Analysis of operating parameters and data on previous breakdowns obtained from 410 sensors allowed to identify patterns in the operation of the paper machine
“The long, laborious process of threading the web after a break leads to significant losses in productivity due to downtime,” says Andrey Nilov, head of the paper mill at Segezha PPM (Karelia, Russia).
“Receiving predictive information from the PM’s digital twin, the operator promptly changes the technological parameters of the paper machine and resumes the load after localizing the problem.”
“The mathematical model has learned to analyze the readings of the machine and warn the operator about the risk of breakage,” says Dmitry Bocharov, chief internal auditor of Segezha Group.
“Based on the results of the pilot project, the model was able to predict more than 60% of possible breaks.”
Since PM is a complex piece of equipment with many operating parameters, the human operator has limited ability to efficiently analyze multiple sensor readings, establish relationships between data streams, and predict breaks.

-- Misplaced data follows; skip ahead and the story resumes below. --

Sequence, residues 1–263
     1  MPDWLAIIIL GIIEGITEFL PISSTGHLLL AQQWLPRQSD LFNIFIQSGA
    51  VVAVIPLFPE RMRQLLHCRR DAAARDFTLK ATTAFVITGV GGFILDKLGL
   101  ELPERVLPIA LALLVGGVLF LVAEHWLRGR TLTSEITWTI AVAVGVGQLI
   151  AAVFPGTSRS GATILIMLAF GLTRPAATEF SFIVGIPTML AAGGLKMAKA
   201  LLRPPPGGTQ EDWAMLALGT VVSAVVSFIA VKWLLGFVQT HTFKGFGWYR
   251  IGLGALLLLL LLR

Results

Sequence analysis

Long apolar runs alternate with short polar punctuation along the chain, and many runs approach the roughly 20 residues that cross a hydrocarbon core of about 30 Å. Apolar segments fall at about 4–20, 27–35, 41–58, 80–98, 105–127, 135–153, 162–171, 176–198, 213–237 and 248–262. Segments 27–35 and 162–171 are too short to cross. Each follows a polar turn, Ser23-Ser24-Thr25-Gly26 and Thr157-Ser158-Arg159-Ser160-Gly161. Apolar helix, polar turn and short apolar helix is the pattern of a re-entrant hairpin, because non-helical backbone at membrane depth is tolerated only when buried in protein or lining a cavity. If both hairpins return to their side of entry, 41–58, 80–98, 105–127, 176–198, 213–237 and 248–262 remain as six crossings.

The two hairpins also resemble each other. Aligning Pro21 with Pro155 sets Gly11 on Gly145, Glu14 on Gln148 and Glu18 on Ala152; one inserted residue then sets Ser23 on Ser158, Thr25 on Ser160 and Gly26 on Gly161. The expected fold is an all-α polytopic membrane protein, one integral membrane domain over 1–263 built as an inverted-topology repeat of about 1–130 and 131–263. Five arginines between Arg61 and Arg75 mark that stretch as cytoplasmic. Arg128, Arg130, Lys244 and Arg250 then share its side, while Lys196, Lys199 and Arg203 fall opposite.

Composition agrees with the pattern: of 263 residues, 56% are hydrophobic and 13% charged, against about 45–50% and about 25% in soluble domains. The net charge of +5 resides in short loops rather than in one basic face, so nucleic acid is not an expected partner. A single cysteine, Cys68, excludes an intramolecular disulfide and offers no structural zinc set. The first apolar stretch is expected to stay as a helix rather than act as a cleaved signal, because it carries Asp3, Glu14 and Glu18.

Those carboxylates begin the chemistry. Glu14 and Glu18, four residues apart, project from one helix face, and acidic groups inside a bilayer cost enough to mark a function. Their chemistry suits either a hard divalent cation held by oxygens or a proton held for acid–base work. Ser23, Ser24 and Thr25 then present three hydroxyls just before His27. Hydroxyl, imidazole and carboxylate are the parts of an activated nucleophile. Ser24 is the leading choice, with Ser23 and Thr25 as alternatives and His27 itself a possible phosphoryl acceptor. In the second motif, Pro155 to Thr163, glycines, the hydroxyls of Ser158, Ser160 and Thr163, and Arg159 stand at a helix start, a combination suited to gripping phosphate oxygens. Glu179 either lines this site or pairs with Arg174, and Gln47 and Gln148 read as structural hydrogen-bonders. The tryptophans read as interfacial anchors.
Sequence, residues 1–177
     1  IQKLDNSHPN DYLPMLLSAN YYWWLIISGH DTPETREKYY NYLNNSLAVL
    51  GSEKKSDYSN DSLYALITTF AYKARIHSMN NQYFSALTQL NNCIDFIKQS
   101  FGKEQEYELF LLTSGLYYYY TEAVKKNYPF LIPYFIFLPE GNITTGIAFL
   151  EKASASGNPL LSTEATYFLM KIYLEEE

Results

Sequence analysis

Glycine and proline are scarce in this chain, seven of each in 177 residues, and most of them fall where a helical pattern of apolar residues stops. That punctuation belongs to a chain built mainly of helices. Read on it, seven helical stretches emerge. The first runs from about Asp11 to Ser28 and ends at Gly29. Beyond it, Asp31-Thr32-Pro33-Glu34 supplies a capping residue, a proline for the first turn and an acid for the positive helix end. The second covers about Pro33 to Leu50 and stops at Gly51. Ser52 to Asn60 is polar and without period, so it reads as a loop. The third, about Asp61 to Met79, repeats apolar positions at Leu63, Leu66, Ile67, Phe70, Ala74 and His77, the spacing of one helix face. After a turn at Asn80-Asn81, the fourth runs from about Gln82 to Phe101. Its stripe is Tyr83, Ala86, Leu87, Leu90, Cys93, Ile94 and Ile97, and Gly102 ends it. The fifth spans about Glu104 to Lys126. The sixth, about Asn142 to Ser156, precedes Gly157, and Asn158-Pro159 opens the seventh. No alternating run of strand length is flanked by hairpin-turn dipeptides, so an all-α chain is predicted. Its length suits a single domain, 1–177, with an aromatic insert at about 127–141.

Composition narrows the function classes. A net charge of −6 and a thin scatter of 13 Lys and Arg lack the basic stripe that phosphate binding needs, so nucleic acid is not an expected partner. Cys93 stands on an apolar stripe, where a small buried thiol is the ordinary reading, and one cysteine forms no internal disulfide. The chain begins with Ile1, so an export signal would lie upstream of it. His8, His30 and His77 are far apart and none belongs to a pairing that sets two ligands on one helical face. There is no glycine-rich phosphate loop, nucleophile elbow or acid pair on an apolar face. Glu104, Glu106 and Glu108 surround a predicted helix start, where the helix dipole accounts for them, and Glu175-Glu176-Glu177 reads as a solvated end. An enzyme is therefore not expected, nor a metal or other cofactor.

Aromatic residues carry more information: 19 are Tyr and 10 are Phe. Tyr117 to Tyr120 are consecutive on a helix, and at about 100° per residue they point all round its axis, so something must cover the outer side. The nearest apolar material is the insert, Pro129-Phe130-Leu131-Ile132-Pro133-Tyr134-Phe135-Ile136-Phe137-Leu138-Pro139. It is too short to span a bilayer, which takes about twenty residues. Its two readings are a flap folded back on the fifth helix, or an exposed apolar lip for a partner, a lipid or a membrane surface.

This problem was solved with more noticeable success by a mathematical model developed on the basis of machine learning, created at the Segezha PPM during a pilot project.
At the same time, machine learning implies continual improvement of the model as it constantly learns and improves performance.
“A key criterion for evaluating a new digital twin technology is the ability to solve a specific business problem, eliminate the causes of deficiencies in processes and reduce risks,” says Pavel Vakhnin, board member, vice president for information technology and process automation at Segezha Group.
“Currently Segezha is working on a full-scale implementation of the technology with advanced predictive analytics functionality on all its paper machines.”